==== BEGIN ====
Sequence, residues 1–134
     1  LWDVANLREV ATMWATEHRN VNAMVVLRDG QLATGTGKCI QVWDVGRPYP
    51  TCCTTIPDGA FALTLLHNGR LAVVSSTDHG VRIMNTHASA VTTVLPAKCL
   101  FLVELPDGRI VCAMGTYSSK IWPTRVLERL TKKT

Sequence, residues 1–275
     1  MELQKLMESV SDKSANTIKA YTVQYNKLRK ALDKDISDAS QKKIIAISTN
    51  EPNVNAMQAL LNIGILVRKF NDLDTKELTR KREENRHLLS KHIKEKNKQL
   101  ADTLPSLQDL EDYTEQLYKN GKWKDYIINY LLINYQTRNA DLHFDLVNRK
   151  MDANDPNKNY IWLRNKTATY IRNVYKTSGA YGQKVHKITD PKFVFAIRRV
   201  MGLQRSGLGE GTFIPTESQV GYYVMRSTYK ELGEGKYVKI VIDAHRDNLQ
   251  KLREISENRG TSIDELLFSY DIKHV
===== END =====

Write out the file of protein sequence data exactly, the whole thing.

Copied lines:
Sequence, residues 1–134
     1  LWDVANLREV ATMWATEHRN VNAMVVLRDG QLATGTGKCI QVWDVGRPYP
    51  TCCTTIPDGA FALTLLHNGR LAVVSSTDHG VRIMNTHASA VTTVLPAKCL
   101  FLVELPDGRI VCAMGTYSSK IWPTRVLERL TKKT

Sequence, residues 1–275
     1  MELQKLMESV SDKSANTIKA YTVQYNKLRK ALDKDISDAS QKKIIAISTN
    51  EPNVNAMQAL LNIGILVRKF NDLDTKELTR KREENRHLLS KHIKEKNKQL
   101  ADTLPSLQDL EDYTEQLYKN GKWKDYIINY LLINYQTRNA DLHFDLVNRK
   151  MDANDPNKNY IWLRNKTATY IRNVYKTSGA YGQKVHKITD PKFVFAIRRV
   201  MGLQRSGLGE GTFIPTESQV GYYVMRSTYK ELGEGKYVKI VIDAHRDNLQ
   251  KLREISENRG TSIDELLFSY DIKHV